Page last updated at 10:04 GMT, Friday, 25 April 2008 11:04 UK

Climate 'fix' could deplete ozone

By Helen Briggs
Science reporter, BBC News

Image: Science/Ross Salawitch
Polar stratospheric clouds provide a surface for ozone-destroying reactions

Research has cast new doubt on the wisdom of using Sun-blocking sulphate particles to cool the planet.

Sulphate injections are one of several "geo-engineering" solutions to climate change being discussed by scientists.

But data published in Science journal suggests the strategy would lead to drastic thinning of the ozone layer.

This would delay the recovery of the Antarctic ozone hole by decades, and cause significant ozone loss over the Arctic, say US researchers.

The idea of pumping sulphur into the upper atmosphere ito counteract global warming comes from nature.

Major volcanic eruptions emit vast quantities of sulphur particles that can cool the planet significantly.

The bad side is definitely the ozone depletion, but you can cool the climate
Dr Simone Tilmes

This was observed following the 1991 eruption of Mount Pinatubo.

But one potential drawback is that sulphates provide a surface on which chlorine gases in polar clouds can become activated, causing chemical reactions that lead to the destruction of ozone molecules.

Ozone loss

Dr Simone Tilmes of the National Center for Atmospheric Research (NCar) in Boulder, Colorado, and colleagues used a combination of measurements and computer simulations to estimate future ozone loss if sulphate injections were carried out.

Quantities capable of mitigating climate change would destroy as much as three-quarters of the ozone layer over the Arctic, if carried out in the next few decades, they said.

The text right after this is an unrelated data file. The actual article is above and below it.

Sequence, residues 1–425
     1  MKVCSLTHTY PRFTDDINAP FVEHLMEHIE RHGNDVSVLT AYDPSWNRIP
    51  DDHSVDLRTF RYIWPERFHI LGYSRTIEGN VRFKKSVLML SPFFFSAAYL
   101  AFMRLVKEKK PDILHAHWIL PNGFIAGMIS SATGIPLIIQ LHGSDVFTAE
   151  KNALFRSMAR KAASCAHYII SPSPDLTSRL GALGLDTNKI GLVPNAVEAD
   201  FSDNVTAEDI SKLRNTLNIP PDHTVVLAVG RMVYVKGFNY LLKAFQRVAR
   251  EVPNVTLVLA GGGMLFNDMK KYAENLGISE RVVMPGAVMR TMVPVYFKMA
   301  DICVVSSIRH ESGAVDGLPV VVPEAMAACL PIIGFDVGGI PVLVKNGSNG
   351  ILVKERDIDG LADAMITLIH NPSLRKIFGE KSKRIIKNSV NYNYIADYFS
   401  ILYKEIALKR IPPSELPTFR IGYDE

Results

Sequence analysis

This would also delay the expected recovery of the ozone layer over the Antarctic by about 30 to 70 years, they concluded.

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Ozone depletion was enhanced in the Antarctic in the Mt Pinatubo aftermath.

Dr Tilmes said more research was needed before society attempted global geo-engineering solutions in the future.

However, she said the study should not rule out the approach altogether.

She told BBC News: "Politicians have to decide what is most important - if you have climate change you might have catastrophic conditions - they might decide to do this anyway.

"If you have to make decisions you need to know what is good about it and what is bad about it. With this scheme the bad side is definitely the ozone depletion, but you can cool the climate."

Hold back the geo-engineering tide
11 Dec 07 |  Science/Nature
Lovelock urges ocean climate fix
26 Sep 07 |  Science/Nature
Guns and sunshades to rescue climate
02 Mar 06 |  Science/Nature

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